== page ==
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Direct learning experiences guide ACE graduate to collegiate coaching role

From learning in the class room to applying knowledge on the field, the WVU athletic coaching education program helps undergraduates acquire skills to compete in the coaching profession.

David Ferraro, assistant coach with the Wesley men’s lacrosse program, Dover, Delaware, says his athletic coaching degree from the College of Physical Activity and Sport Sciences helped him prepare for this position.

“I believe the CPASS program gave me the tools to achieve. The professors and classes set me up to succeed in the athletic industry,” said Ferraro.

While in Morgantown, Ferraro served as an intern with the strength and conditioning program at University High School. He also coached the UHS boy’s lacrosse team for three years and the WVU Men’s club lacrosse team from 2017-2018.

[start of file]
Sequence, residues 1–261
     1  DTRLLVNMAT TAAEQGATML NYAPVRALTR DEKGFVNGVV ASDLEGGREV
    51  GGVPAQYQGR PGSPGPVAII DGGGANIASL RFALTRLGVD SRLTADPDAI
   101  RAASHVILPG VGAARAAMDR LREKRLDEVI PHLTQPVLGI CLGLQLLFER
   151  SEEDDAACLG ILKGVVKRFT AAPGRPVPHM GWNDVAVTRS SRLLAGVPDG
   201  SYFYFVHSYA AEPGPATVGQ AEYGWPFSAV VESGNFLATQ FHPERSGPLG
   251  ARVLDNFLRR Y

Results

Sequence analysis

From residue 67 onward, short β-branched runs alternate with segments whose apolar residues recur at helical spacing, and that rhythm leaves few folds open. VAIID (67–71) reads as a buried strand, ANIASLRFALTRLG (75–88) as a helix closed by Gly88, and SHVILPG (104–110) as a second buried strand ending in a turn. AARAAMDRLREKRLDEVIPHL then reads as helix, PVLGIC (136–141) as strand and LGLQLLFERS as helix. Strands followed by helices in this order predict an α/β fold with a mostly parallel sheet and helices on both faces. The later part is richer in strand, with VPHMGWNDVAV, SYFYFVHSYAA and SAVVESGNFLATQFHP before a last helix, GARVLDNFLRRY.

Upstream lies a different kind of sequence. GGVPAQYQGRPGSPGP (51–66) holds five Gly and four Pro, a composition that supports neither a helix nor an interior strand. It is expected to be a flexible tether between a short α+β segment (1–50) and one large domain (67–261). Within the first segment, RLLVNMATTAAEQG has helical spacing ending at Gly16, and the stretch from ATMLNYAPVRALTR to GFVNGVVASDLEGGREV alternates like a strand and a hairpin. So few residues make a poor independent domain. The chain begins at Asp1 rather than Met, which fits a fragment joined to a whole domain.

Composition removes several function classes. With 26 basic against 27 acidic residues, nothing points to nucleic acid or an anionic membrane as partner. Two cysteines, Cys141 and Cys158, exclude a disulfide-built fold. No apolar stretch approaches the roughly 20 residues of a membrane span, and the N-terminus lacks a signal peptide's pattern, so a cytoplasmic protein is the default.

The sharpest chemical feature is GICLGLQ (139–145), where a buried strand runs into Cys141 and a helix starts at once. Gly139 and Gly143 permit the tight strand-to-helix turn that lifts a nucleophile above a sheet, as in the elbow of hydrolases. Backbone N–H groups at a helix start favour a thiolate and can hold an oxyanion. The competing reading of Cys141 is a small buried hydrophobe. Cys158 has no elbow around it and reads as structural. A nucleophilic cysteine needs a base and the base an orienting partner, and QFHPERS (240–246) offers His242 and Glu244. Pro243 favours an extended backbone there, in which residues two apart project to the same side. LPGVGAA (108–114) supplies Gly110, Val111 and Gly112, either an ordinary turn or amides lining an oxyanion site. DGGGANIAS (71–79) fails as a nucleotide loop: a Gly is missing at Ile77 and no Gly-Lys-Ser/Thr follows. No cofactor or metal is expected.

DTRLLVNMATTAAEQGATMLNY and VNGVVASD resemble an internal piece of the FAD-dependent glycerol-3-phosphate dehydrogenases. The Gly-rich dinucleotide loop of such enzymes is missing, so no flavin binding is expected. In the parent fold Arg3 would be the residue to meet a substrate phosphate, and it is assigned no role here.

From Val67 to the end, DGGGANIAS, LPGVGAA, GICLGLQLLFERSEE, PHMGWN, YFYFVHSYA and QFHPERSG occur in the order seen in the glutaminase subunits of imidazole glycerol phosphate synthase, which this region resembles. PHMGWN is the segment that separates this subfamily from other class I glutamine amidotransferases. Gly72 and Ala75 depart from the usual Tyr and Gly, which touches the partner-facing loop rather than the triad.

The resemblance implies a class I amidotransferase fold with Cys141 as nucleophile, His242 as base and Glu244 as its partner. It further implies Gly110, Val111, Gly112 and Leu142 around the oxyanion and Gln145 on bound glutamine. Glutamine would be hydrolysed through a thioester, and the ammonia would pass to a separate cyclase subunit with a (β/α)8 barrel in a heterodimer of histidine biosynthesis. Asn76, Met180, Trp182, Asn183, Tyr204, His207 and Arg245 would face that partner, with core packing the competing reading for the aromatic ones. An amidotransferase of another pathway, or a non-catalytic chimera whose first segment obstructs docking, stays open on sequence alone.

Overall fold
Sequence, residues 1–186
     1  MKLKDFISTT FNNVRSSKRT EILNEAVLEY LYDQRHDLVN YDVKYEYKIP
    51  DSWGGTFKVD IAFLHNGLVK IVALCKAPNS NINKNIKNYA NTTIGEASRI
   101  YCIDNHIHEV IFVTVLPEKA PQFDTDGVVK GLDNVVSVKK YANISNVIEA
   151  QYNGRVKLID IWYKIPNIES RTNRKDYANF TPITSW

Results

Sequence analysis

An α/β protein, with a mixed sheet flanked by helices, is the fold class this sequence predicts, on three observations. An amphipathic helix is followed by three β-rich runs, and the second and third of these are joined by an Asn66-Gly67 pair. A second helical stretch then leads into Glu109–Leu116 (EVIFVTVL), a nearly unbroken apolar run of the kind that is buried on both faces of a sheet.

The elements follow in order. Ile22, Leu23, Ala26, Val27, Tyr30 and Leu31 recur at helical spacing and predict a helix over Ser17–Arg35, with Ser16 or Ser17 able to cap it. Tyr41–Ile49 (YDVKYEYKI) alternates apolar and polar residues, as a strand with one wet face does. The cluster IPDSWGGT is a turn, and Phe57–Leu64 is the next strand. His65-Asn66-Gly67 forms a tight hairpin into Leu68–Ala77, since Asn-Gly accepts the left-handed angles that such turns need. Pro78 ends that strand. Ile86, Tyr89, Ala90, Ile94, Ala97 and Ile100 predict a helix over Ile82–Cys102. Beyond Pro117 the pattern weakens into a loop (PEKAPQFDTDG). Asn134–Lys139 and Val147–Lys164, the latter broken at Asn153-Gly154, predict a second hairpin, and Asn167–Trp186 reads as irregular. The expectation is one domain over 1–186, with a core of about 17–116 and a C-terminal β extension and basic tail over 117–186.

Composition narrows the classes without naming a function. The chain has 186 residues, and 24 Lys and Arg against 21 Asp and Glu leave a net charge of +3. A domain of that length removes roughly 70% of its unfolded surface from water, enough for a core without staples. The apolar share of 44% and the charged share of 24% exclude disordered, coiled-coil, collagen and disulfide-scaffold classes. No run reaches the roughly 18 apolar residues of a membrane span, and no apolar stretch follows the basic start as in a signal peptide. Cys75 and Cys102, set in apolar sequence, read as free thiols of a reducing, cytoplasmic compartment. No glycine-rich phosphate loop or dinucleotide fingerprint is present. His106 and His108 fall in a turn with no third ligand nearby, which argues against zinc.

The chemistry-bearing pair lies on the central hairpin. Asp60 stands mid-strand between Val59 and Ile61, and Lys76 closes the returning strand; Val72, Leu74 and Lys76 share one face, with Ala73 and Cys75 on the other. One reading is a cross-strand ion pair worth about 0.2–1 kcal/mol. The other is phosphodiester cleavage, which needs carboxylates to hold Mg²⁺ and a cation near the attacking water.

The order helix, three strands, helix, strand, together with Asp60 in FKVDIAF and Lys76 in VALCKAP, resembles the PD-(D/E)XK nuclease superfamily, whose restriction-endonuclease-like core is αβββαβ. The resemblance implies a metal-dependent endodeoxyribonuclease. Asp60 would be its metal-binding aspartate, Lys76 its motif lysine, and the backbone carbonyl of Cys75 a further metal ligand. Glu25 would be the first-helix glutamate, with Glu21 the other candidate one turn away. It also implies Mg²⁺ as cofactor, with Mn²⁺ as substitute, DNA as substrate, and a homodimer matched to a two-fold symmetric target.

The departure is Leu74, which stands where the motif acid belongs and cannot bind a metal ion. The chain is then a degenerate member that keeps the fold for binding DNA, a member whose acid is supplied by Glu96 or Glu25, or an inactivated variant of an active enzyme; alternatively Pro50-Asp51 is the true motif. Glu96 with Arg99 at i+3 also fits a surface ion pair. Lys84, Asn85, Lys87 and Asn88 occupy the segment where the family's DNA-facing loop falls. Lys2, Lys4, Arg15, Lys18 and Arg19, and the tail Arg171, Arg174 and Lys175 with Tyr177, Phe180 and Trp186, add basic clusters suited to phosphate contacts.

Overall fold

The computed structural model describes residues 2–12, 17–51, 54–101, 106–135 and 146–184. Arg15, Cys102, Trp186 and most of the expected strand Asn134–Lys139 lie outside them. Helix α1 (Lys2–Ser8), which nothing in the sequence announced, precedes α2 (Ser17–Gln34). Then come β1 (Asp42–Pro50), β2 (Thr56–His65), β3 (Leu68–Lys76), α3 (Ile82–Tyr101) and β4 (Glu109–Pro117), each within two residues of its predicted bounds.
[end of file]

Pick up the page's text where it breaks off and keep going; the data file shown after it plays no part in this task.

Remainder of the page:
At Wesley, Ferraro helps plan practices, find new ways to inspire athletes and makes recruiting calls.

“The graduate assistant position will strengthen my career goals while I earn a master’s degree and coach at the collegiate level for two years,” said Ferraro.

Ferraro credits many people who have helped him during his academic career.

“Throughout my education, my parents and fellow classmates in the athletic industry have been supportive. My professors, especially those who have a background in coaching, made sure we had every detail accounted for our assignments. Their attention and dedication to us inspired me to pursue and achieve my graduate assistant position,” said Ferraro.

Ferraro is working toward a master’s degree in sport leadership at Wesley. 

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